Getting Started : LUSENET : Open-water rowing : One Thread

I'm a reasonably fit runner, who also kayaks, and am very interested in getting a basic rower for use on local lakes and rivers. My "rowing experience" is limited to using the Concept2 rower at my gym 2-3 days a week for the last few months. I live in an area where there are no rowers (at least I've never encountered one in my paddles on local water). The closest flatwater team is at a small college about an hour or so away. I'm interested in buying a basic rotomolded rower like those built by Alden. Is it reasonable for me to assume I can teach myself, possibly with the help of books and videos? Or is this foolish? Family and work commitments mean that getting lessons would be a challenge, unless I could find someone associated with this College crew an hour away who would be interested in providing them.

-- Robert Walters (, January 08, 2005


Yes its reasonable to think that you can teach yourself to row using books and videos. I did just that last year about this time and everything has gone pretty well. I purchased two books from the local Borders Books here in Orange County CA.They were Essential Sculling by Danial J Boyne and The Art of Sculling by Joe Paduda. Both are listed at the Open Water bookstore as well. I started out in a 16ft. Stonington Pulling Boat with a row wing rig in it and moved on to a Maas 24 after about 3 months. If you own a viedo camera it would be a good thing to get someone to tape you as you learn so you can compare what you are doing to what you should be doing. The one video I've seen on sculling is called Sculling 101 by Brad Lewis I believe. I know that it is available thru JL Clothing here in Calif. and I'm sure its available at other locations as well. Good Luck Scott

-- Scott (, January 08, 2005.

Rob, you shouldn't really have any trouble learning to scull on your own. Just be sure and choose a boat that provides a stable enough platform that you don't need to spend too much energy on trying to keep upright, let your energy go into working on your form and technique. I started rowing 22 years ago when I bought an Alden Ocean Shell. It was a great boat to learn in, and as my abilities improved, I got to where I was comfortable rowing in any type of conditions.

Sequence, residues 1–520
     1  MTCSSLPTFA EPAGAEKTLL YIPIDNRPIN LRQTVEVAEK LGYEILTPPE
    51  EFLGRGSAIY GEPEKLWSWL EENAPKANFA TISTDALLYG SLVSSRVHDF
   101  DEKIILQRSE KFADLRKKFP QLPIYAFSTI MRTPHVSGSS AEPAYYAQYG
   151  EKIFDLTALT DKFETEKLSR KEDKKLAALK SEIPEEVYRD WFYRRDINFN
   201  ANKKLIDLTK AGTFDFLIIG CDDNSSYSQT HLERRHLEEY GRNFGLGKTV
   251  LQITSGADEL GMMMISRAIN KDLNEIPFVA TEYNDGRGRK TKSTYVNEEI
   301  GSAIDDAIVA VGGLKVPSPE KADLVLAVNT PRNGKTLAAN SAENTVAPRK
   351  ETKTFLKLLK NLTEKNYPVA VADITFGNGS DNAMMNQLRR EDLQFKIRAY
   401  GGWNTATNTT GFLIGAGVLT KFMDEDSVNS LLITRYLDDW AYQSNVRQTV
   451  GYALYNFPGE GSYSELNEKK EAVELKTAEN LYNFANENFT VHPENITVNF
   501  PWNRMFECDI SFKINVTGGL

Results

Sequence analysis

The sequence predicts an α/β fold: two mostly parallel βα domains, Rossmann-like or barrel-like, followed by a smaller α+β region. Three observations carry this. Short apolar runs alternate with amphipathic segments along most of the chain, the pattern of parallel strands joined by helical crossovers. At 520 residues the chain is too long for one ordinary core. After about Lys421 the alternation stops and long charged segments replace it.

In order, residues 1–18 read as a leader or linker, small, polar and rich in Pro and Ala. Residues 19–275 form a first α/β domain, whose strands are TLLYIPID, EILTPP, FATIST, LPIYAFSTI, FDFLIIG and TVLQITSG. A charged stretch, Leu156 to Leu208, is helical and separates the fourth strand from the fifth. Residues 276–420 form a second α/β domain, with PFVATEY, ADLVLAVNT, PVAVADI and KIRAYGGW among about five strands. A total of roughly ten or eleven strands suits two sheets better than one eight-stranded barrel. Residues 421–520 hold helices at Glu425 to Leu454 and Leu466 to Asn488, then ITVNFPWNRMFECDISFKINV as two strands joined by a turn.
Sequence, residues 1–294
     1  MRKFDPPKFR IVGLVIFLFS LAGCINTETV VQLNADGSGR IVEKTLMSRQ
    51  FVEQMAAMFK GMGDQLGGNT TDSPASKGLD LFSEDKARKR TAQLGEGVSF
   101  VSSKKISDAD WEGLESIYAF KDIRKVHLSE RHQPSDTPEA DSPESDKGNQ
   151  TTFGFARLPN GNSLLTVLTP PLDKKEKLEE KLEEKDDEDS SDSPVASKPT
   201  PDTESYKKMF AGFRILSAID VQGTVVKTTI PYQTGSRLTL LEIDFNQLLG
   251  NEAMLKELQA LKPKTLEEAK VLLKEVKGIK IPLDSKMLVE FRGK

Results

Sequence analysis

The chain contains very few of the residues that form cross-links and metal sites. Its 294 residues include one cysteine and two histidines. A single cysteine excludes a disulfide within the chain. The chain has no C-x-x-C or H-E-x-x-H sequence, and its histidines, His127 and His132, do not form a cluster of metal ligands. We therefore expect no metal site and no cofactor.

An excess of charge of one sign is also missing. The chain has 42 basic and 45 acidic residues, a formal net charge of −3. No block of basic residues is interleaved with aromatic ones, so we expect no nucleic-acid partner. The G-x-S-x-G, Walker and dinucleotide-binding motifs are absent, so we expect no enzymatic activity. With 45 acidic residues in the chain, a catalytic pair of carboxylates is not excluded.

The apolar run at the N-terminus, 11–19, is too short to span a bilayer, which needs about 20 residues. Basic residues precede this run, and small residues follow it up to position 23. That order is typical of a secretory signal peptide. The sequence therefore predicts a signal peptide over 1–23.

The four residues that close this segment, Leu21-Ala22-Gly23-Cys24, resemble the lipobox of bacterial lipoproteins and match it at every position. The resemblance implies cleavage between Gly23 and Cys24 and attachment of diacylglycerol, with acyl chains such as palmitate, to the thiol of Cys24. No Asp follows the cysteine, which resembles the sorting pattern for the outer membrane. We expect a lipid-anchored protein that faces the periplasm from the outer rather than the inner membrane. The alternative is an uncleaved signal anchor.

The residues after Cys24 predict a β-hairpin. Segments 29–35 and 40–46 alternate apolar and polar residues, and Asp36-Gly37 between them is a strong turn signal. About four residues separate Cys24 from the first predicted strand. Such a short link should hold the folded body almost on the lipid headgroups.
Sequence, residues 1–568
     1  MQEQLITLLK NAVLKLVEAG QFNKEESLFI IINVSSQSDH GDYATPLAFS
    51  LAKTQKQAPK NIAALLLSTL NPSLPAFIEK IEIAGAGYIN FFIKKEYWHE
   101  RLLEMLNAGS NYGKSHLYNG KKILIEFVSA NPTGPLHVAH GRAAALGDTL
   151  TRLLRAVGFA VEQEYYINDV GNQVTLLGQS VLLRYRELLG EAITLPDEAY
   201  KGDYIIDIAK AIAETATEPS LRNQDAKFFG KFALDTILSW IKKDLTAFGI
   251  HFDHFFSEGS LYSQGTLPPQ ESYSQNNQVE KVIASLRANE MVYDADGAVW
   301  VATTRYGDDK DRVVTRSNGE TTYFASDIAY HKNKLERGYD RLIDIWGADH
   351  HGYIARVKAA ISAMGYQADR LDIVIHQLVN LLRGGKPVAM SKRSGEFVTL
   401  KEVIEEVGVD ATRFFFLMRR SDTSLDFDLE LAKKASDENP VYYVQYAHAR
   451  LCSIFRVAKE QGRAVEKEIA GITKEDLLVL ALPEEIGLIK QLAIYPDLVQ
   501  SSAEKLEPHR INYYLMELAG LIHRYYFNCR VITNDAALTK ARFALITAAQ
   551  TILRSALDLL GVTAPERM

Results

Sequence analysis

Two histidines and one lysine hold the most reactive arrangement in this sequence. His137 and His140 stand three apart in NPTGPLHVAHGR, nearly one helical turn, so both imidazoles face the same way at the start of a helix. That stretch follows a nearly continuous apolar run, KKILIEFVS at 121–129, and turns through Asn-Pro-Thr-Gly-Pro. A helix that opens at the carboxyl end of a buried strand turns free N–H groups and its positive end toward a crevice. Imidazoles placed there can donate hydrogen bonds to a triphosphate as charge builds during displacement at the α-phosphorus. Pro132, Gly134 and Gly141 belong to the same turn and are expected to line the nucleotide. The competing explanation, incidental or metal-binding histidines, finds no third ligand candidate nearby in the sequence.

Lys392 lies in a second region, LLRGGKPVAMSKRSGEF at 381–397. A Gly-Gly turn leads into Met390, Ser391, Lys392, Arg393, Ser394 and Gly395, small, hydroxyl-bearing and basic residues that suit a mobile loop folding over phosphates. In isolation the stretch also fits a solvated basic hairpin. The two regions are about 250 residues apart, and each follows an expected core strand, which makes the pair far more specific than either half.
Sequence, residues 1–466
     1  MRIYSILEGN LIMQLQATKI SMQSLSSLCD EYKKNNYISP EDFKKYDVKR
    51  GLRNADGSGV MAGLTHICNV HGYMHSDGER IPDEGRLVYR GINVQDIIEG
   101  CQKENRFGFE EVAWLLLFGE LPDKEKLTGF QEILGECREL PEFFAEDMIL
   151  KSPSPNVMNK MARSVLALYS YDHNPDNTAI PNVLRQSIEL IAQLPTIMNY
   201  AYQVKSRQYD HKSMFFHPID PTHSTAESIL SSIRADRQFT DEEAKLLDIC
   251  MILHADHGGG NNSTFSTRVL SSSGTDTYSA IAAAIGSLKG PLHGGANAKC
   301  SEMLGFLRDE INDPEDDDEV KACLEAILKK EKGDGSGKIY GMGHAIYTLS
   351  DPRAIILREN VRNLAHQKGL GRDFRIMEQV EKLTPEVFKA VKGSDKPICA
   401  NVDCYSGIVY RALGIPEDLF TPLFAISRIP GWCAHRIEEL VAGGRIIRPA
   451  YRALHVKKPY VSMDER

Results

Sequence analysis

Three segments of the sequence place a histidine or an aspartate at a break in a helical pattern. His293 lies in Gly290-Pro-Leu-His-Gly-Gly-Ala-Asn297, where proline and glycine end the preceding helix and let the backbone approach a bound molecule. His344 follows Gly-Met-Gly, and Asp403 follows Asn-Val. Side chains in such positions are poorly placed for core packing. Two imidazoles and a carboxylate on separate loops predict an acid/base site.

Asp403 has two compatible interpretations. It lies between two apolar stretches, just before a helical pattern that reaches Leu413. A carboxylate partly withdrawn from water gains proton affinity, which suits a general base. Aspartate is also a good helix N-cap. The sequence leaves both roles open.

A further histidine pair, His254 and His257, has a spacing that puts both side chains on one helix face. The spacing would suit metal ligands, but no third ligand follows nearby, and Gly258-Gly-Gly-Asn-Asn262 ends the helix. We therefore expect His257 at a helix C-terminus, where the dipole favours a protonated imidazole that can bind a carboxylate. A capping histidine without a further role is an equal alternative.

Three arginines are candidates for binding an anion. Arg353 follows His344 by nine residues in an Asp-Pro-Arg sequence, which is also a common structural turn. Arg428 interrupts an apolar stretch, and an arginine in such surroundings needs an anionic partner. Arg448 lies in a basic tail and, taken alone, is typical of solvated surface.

I also was self-taught. I read some, and tried some. I found a little time and patience would go a long way toward learning not only how to row, but more importantly, how to enjoy it. A good book for begining is "Rowing", by Bruce E. Brown. It's a little bit simplistic, but for the new rower it's a good place to start.

You might want to shop around and see if you can pick up a deal on a used boat to start with. They can usually be had at a considerable savings over buying a new shell. Then if by chance you find that the sport really isn't for you after all, it can probably be sold with little or no loss to your wallet. And if you find you really like it, it's good trading material as you find your taste or desire for a particular type or style of boat changes. Frankly I've driven my wife crazy over the years with buying and selling shells. I'll have one for a while, see another for sale, buy it, and it then becomes my favorite. That is until I see another one. I started with the Alden, since then I've had everything from Wherries, to Aeros, to a Pro Am 25, to a Kingfisher, and I've loved each one of them in turn. I think in all I've had 12 or 13 boats, but the one I have now will be my last, at least until I see another for sale.

I wish you well in the sport Rob. It's not just a form of exercise or sport. It can be something that becomes a part of who you are. There is nothing better than being on the water, early in the morning when you have the lake all to youself. At that point, all is right with the world. Take care, and God bless you Rob.


-- Rich Hundahl (, January 12, 2005.

You can teach yourself to row, but STAY AWAY from the rotomolded Alden!

-- Kinley Gregg (, January 22, 2005.

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